Your diarrhea risk after swimming in a public pool has grown every year over the past decade, according to a report released by the CDC in late June. Studying public health reports between 2009 and 2017, the agency found that each year outbreaks of the Cryptosporidium parasite have increased by about 13%.
People infected with crypto are very contagious, writes Charles P. Davis, MD, PhD, a doctor of emergency medicine. They "need to practice good hygiene with soap and water" and avoid public swimming pools and other recreational water sources, he says.
According to Dr. Davis, Crypto infection causes watery diarrhea and other stomach problems. The parasite is resistant to chlorine, a characteristic that lets it live longer than a week in treated water.
A single outbreak is thought to cause hundreds or even thousands of infections, according to the CDC. More than 400 outbreaks were identified in the study, and one in three outbreaks occurred at a recreational water facility. Those outbreaks peaked in July and August.
There are ways to stay safe, though. William C. Shiel Jr., MD, FACP, FACR, chief editor of MedicineNet, offers the following tips:
- Never allow diaper changing at poolside. Don't bathe your baby in the pool either.
- Use the toilet and wash hands with soap and hot water before entering the pool.
- Take a hot, soapy shower before entering the pool.
- If you are infected with a disease that can be transmitted through water, or if you have had diarrhea in the previous two weeks, you should not use the pool.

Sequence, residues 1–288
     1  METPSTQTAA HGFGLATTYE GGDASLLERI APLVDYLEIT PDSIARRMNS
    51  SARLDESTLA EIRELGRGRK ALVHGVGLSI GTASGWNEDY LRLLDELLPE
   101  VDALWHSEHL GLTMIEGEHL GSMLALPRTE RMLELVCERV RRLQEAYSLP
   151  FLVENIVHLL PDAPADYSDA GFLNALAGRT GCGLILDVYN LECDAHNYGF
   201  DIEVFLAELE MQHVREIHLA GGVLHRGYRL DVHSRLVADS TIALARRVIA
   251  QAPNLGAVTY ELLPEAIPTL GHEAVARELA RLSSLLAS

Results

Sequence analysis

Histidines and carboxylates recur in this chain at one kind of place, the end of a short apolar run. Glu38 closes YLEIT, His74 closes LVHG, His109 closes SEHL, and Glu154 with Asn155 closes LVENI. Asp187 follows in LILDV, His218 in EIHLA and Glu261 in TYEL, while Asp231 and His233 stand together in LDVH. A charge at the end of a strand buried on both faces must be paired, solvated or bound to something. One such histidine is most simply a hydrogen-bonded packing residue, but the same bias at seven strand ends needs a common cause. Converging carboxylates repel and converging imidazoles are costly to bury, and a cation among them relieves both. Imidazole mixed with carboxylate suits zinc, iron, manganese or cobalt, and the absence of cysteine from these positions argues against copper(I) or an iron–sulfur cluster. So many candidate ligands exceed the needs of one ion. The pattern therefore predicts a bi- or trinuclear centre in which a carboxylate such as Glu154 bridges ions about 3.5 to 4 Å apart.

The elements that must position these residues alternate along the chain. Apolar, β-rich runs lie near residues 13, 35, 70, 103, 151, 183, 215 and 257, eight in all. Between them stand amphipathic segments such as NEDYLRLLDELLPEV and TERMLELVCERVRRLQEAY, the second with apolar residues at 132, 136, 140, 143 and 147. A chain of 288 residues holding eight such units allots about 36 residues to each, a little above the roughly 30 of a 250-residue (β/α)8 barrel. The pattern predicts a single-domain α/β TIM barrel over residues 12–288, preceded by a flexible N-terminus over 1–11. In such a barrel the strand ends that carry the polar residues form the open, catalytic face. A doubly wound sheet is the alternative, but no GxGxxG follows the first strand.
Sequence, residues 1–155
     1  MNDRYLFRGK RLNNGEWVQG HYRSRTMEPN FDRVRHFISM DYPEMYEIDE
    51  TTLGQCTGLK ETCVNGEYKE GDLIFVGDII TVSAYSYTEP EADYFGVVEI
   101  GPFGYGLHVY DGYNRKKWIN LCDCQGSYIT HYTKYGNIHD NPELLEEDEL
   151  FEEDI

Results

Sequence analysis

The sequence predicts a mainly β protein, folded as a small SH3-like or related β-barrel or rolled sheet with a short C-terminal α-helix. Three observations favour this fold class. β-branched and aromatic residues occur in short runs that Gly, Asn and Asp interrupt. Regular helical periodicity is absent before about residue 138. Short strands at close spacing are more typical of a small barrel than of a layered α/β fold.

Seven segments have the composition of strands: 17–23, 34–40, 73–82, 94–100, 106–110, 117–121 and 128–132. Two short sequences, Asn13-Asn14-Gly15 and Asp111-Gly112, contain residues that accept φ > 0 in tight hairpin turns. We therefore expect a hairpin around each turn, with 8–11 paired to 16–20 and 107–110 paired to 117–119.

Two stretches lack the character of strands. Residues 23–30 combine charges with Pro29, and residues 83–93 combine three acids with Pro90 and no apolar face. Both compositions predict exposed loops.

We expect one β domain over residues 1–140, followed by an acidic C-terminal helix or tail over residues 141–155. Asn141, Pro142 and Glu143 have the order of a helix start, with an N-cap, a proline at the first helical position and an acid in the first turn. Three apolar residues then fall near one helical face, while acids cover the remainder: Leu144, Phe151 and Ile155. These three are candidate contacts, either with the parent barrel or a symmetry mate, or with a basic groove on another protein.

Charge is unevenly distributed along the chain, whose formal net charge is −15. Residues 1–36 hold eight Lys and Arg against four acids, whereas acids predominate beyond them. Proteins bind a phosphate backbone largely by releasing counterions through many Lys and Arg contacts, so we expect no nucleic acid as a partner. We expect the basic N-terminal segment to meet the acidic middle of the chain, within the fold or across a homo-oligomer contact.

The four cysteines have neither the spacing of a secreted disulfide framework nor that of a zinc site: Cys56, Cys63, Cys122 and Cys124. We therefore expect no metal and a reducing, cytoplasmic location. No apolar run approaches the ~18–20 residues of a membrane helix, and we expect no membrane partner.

Keeping Pools Clean
Maintaining your pool can also prevent the spread of recreational water illnesses that include Crypto.
When you find feces in your pool, you need to take special maintenance steps. Here are Dr. Shiel's recommendations:
- Remove and dispose of any feces in the pool, then disinfect any removal equipment.
- When possible, run the filtration system for three to four turnovers, which usually takes 24 hours. Next, backwash the filter to a sanitary sewer.
- For small pools and spas, the pool should be drained and disinfected. Refill the pool, restart the filtration system and balance the water.
If feces contaminates your pool water, you must understand how pool disinfection works, Dr. Shiel says. Not only do you need enough chlorine, but the chlorine also needs to be in the water long enough to disinfect.
You can determine this by knowing your pool's CT value. Determine your CT value by multiplying the concentration of chlorine (C) in parts per million by the time in minutes (T) it has been in your pool. The CT value for proper chlorination is 9,600.